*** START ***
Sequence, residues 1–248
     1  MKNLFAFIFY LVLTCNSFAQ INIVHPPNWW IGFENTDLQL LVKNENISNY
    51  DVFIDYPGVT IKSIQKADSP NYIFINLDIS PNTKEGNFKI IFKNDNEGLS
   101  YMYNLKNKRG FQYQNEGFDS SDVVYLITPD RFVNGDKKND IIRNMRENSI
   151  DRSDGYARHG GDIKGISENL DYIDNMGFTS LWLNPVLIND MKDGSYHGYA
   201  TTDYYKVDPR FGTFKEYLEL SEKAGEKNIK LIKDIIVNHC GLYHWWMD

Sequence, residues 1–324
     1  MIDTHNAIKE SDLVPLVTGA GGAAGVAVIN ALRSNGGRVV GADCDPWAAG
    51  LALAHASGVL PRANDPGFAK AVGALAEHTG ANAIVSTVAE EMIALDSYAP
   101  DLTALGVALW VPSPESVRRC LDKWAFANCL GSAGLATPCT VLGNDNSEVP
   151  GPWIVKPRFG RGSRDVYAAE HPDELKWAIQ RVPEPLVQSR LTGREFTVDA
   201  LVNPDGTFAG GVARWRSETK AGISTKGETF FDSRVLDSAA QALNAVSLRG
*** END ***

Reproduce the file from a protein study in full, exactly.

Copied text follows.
Sequence, residues 1–248
     1  MKNLFAFIFY LVLTCNSFAQ INIVHPPNWW IGFENTDLQL LVKNENISNY
    51  DVFIDYPGVT IKSIQKADSP NYIFINLDIS PNTKEGNFKI IFKNDNEGLS
   101  YMYNLKNKRG FQYQNEGFDS SDVVYLITPD RFVNGDKKND IIRNMRENSI
   151  DRSDGYARHG GDIKGISENL DYIDNMGFTS LWLNPVLIND MKDGSYHGYA
   201  TTDYYKVDPR FGTFKEYLEL SEKAGEKNIK LIKDIIVNHC GLYHWWMD

Sequence, residues 1–324
     1  MIDTHNAIKE SDLVPLVTGA GGAAGVAVIN ALRSNGGRVV GADCDPWAAG
    51  LALAHASGVL PRANDPGFAK AVGALAEHTG ANAIVSTVAE EMIALDSYAP
   101  DLTALGVALW VPSPESVRRC LDKWAFANCL GSAGLATPCT VLGNDNSEVP
   151  GPWIVKPRFG RGSRDVYAAE HPDELKWAIQ RVPEPLVQSR LTGREFTVDA
   201  LVNPDGTFAG GVARWRSETK AGISTKGETF FDSRVLDSAA QALNAVSLRG